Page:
Get Task & Purpose in your inbox
A veterans group is fighting to keep a Bible at the oldest continuing POW-MIA vigil in the country
CONCORD, NH — The veterans group that sponsors the oldest continuing POW-MIA vigil in the country is asking a federal court to allow it to intervene in a case that centers on whether a former POW's Bible can be featured in a lobby display at the Manchester VA hospital.
The Northeast POW/MIA Network is seeking intervenor status in the case, filed by a veteran against the V.A. Medical Center in U.S. District Court, that claims the presence of the Bible in the display is unconstitutional.
New Hampshire members of the group were responsible for creating the lobby display.
Every Thursday evening for 30 years, the group has hosted a vigil in Meredith to honor those who were prisoners of war and to keep alive the memory of those who remain missing in action from America's wars. It also sponsors an annual POW/MIA vigil each June that draws hundreds to the shores of Lake Winnipesaukee to remember those still missing.
Last year, New Hampshire members of the network sought and received permission to place a "Missing Man Table" in the lobby of the VA Medical Center in Manchester. Such displays are meant as a remembrance of service members who were POWs or MIAs.
The Manchester display includes a Bible donated by Herman "Herk" Streitburger, a Bedford man who served in the U.S. Army Air Corps in World War II and was captured and held as a German POW before managing to escape. Streitburger, who is now 100 years old, was featured in a recent New Hampshire Sunday News article.
But the display soon drew controversy. The Military Religious Freedom Foundation, based in New Mexico, filed a federal lawsuit on behalf of veteran James Chamberlain, the named plaintiff, claiming the Bible's display violates the Constitution.
Texas-based First Liberty Institute is representing the Northeast POW/MIA Network in its motion to intervene in the case. In court papers filed Thursday, lawyers described the tradition of the Missing Man Table as dating to the Vietnam War and noted such displays have become permanent features at public forums across the nation, including at a public library in Athol, Mass., and a VA hospital in Wilmington, Del.
Typically, such displays contain symbols of those missing, including a slice of lemon to represent their "bitter fate," salt to represent the tears of their loved ones and an inverted glass signifying their inability to join in a toast.
Last month, in response to a request from First Liberty to clarify the policies governing such displays, the Department of Veterans Affairs issued updated directives stating that "religious symbols may be included in a passive display in public areas of VA facilities."
In a letter to First Liberty, Juliana Lesher, national director of the VA Chaplain Service, said the July 3 directives "are designed to uphold the First Amendment to the United States Constitution, which ensures that the government does not establish one state religion as well as ensures the free exercise of religious faith by all people."
A pretrial hearing on a motion to dismiss the case is set for Sept. 16.
©2019 The New Hampshire Union Leader (Manchester, N.H.). Distributed by Tribune Content Agency, LLC.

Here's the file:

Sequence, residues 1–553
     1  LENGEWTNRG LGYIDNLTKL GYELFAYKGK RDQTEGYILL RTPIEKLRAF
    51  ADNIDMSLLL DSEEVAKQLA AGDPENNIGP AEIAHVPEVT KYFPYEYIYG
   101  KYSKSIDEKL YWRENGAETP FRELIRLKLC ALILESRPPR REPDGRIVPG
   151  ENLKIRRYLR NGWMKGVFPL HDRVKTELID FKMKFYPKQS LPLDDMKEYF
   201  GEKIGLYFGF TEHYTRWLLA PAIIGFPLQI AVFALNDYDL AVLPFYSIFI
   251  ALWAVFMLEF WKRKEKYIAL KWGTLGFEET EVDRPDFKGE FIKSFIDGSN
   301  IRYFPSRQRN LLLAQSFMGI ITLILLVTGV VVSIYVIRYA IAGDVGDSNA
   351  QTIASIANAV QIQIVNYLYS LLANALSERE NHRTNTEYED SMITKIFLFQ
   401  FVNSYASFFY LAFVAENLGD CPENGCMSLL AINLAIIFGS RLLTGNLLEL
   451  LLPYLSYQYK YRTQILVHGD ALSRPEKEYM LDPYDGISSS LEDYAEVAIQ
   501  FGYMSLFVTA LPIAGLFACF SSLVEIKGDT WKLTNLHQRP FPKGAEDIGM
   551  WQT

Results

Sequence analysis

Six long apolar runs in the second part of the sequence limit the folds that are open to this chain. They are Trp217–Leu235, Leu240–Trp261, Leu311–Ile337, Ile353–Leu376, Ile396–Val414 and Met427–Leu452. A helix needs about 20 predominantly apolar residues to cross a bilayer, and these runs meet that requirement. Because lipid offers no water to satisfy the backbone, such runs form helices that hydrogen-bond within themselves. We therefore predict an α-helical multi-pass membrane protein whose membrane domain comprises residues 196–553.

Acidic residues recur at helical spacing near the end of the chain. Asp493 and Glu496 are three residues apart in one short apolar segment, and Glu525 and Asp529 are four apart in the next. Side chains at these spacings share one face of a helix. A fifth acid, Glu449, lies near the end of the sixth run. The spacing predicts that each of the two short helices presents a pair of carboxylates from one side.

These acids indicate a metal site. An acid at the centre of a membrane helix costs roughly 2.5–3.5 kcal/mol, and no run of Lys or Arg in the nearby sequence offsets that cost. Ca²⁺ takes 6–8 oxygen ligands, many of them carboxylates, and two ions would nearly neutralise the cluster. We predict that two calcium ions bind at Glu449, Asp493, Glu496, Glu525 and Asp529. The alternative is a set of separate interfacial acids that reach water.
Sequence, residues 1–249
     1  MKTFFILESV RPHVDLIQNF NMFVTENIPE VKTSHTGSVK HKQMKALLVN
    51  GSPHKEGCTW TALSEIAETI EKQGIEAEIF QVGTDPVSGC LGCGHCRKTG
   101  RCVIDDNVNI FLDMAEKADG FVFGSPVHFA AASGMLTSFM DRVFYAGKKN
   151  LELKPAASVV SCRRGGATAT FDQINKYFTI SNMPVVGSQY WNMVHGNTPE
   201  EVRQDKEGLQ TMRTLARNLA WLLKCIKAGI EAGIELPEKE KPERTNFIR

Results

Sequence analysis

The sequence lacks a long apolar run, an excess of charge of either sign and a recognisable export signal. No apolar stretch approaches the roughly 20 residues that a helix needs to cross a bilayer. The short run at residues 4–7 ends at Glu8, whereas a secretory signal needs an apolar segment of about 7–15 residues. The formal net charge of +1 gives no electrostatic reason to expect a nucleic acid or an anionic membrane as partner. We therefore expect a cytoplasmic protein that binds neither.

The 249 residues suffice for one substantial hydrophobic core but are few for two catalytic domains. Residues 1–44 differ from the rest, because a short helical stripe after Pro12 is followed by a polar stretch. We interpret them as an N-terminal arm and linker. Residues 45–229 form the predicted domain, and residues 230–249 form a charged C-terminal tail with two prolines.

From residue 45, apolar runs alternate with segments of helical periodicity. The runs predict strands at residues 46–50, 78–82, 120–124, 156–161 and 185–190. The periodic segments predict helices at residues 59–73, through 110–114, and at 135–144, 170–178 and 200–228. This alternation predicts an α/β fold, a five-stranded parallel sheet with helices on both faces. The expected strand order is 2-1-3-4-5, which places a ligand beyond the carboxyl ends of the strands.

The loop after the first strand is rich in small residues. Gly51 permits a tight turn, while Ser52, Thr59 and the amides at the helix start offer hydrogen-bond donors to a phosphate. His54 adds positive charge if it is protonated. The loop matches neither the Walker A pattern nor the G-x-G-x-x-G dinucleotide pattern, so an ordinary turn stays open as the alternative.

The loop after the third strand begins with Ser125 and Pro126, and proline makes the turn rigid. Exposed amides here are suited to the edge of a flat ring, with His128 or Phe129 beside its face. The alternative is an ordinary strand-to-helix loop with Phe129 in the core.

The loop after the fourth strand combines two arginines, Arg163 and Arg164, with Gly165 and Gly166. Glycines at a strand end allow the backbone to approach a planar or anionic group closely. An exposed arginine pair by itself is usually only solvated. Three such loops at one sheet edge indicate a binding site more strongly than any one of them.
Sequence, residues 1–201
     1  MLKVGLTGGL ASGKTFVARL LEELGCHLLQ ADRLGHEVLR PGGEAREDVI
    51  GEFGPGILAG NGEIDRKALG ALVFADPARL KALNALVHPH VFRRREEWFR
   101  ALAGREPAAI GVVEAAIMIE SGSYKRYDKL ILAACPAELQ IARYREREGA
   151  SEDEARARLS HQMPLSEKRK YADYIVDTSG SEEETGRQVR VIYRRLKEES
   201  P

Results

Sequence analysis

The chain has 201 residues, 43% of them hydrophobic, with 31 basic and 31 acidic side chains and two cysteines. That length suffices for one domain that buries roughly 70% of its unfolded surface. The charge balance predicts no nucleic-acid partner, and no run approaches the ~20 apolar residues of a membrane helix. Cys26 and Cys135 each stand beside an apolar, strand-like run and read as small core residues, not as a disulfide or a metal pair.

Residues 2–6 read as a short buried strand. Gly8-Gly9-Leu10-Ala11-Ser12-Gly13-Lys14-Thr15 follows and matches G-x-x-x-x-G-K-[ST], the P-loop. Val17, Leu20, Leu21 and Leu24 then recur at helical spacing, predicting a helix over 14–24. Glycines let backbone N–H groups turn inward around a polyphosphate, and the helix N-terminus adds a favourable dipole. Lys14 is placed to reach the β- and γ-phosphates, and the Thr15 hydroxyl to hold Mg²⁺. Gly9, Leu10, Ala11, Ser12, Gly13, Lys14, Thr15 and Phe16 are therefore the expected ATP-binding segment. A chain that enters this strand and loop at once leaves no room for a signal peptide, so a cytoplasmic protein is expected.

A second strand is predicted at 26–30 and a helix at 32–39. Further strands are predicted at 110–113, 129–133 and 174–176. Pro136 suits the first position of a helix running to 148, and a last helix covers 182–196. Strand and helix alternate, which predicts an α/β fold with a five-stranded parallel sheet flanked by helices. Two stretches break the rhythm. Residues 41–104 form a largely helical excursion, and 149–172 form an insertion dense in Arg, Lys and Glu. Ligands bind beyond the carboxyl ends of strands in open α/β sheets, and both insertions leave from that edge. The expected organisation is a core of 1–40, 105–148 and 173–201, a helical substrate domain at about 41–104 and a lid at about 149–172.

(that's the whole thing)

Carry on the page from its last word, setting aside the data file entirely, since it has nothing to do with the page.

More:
Two people, including a U.S. Marine Corps member, were arrested over the weekend and accused of distributing drugs to service members and civilians in North Carolina.
It has been a deadly year for Green Berets, with every active-duty Special Forces Group losing a valued soldier in Afghanistan or Syria.
A total of 12 members of the Army special operations forces community have died in 2019, according to U.S. Army Special Operations Command. All but one of those soldiers were killed in combat.
In Afghanistan, Army special operators account for 10 of the 17 U.S. troops killed so far this year. Eight of the fallen were Green Berets. Of the other two soldiers, one was attached to the 10th Special Forces Group and the other was a Ranger.
WASHINGTON (Reuters) - Documents from the Pentagon show that "far more taxpayer funds" were spent by the U.S. military on overnight stays at a Trump resort in Scotland than previously known, two Democratic lawmakers said on Wednesday, as they demanded more evidence from the Defense Department as part of their investigation.
In a letter to Defense Secretary Mark Esper, the heads of the House of Representatives Oversight Committee and one of it subcommittees said that while initial reports indicated that only one U.S. military crew had stayed at President Donald Trump's Turnberry resort southeast of Glasgow, the Pentagon had now turned over data indicating "more than three dozen separate stays" since Trump moved into the White House.
QUANTICO, Va. -- Marines who spend much of their day lifting hefty ammunition or moving pallets full of gear could soon get a helping hand.
The Marine Corps is close to signing a deal to test an exoskeleton prototype that can help a single person move as much as several leathernecks combined.
The Air Force is working on a ‘flying car’ to replace the V-22 Osprey — and it could take flight sooner than you think
'Agility Prime' sounds like a revolutionary new video streaming service, or a parkour-themed workout regimen, or Transformers-inspired niche porno venture.
But no, it's the name of the Air Force's nascent effort to replace the V-22 Osprey with a militarized flying car — and it's set to take off sooner than you think.